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What Leadership Approach Best Fosters Innovation?


Many companies, small and large, want to establish greater levels of innovation in individuals, team and whole departments but this often comes down to whether or not the leader creates the right climate in which this can occur. This means that we should appreciate what leadership style (or approach) best fosters greater levels of innovation and in the list below are 10 that seems to emerge as being most helpful.

  1. Build a climate of trust. Any leader who really wants a lot more innovation needs to give people as much “room” as possible to think differently and feels that the risks that they take will not be frowned upon or punished. Without trust at all levels (and starting with the leader) it’s almost impossible to get individuals to step “beyond the norm”.
  2. Talk about the value of ideas, creativity and innovation. A successful leader will ensure that most of their communication stresses the value of ideas, innovation and creativity in general and not necessarily sticking to the rules or doing things the way they have always been done.
  3. Have a strong vision. The most effective innovation leaders should ideally describe the clearest vision of the medium to long-term future possible. This helps people to appreciate what they are working towards and then be more creative about how they might get there. JFK’s putting a man on the moon by the end of the decade was a fine example of this.
  4. Set clear goals and milestones. Along with the overarching vision, a leader is well served to set clear goals-once again in broad “what” and not “how” terms. In JFK’s moon mission, there were many broad goals that drove innovation at many levels and projects, many of which had tangible millstones to measure whether or not they were making positive progress.
  5. Focus on customer needs. Some innovation can occur without reference to the customer but in organizational life the most powerful innovation directly or indirectly served an end customer need. This helps people to create real, measurable and tangible value when applying their creative thinking.
  6. Encourage cross and upward communication. Many of the best and most innovative ideas come from front-line or “sharp-end” individuals. As a result, communication needs to be encouraged to occur both across team and departmental lines and upwards so that leaders can support any new or different thinking and not be threatened by it.
  7. Be optimistic. If a leader is pessimistic about the future they stifle innovation. An optimistic leader, on the other hand, conveys that the future is bright and could be very different to the present.
  8. Push quantity over quality. Both creativity and Innovation (and ideas in general) tend to flourish best by encouraging quantity over quality to get people thinking in new ways and challenging the status quo more. The best ideas can then be assessed more closely and carefully (and slowly) at a later stage.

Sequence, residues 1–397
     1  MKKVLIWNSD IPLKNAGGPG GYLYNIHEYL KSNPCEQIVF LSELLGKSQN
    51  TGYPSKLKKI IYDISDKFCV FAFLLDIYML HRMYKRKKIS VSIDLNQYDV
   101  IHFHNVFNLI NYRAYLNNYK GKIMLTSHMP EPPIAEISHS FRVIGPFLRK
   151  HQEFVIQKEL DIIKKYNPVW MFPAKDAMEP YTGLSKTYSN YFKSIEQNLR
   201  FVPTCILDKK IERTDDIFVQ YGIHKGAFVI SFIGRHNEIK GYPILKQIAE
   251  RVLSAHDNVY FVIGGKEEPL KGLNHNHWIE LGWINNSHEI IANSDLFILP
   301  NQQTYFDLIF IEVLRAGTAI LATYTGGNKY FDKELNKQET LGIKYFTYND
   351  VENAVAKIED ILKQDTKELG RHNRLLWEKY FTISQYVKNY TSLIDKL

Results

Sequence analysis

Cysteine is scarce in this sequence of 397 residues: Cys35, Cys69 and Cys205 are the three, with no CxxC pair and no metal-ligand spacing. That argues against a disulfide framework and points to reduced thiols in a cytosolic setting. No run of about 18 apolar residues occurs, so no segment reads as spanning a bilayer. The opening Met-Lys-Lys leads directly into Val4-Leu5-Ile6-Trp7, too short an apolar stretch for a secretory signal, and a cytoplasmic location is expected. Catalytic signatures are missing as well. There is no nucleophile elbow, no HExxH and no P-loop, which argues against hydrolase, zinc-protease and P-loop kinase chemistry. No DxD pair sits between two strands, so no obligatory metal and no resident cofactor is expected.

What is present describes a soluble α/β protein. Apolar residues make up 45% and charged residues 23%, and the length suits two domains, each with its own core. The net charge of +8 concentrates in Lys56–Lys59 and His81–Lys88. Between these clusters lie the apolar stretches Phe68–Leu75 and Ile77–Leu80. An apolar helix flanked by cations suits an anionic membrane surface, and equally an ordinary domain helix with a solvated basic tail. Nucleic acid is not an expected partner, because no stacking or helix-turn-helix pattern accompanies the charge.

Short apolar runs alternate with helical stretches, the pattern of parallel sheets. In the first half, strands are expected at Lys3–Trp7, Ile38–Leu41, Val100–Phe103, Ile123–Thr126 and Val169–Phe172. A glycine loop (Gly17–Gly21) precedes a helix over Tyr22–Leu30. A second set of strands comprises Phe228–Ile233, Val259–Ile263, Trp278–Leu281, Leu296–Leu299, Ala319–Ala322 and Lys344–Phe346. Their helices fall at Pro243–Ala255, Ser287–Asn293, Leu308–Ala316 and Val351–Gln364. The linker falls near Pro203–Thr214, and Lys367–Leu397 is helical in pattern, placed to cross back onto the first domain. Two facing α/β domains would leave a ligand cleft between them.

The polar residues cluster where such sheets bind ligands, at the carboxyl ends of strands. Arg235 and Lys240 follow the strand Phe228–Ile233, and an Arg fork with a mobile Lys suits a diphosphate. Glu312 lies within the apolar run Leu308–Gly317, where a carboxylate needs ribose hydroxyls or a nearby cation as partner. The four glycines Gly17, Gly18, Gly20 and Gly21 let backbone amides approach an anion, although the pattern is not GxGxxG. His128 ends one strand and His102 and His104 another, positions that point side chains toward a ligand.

9. Offer quick and positive feedback. Leaders should ideally provide honest but positive and encouraging feedback when people put ideas forward. The quicker this is done, even when an idea needs more work, the better, in order to encourage more thinking “outside the box”.
  10. Be a role model. Last but not least, a leader should act as a role model for innovation as much as he or she can. This means being open to new ways of doings things and changing his or her approach frequently.

There may well be other behaviors that can be added to the above list, but any leader doing half of these or more will have an extremely positive impact on their team and will create much more innovative thinking and practices at all levels.

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About Dr. Jon Warner

Dr. Jon Warner is a prolific author, management consultant and executive coach with over 25 years experience. He has an MBA and a PhD in Organizational Psychology. Jon can be reached at

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  1. Kevin NamakyOctober 29, 2016 at 5:05 pm

    Jon: This is a great list. Thanks for sharing.

    Some related themes that may be helpful to call out are:

    Autonomy – Empowering people and giving them freedom is an important part of nurturing creative minds.

    Curiosity – Cultivating a sense that learning is important and that it’s OK to ask questions. Mastery leads to better work.

    Safety – Making it clear that risk-taking is OK. This goes with your idea of creating trust. But even more than trust, an atmosphere where people feel safe to stick their neck out.

    Positivity – You’ve mentioned in #9. Encouragement to keep going, without focusing initially on “right” or “wrong.”

    Thanks again for the post.


  2. Koos GroenewoudOctober 31, 2016 at 7:04 am

    Great Column. It is all about NEW leadership and Benaviour.

    Best regards from Koos Groenewoud, Lelystad the Netherlands

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Jon Warner

Jon Warner is an executive coach and management consultant and in the past has been a CEO in three very different companies. Read more

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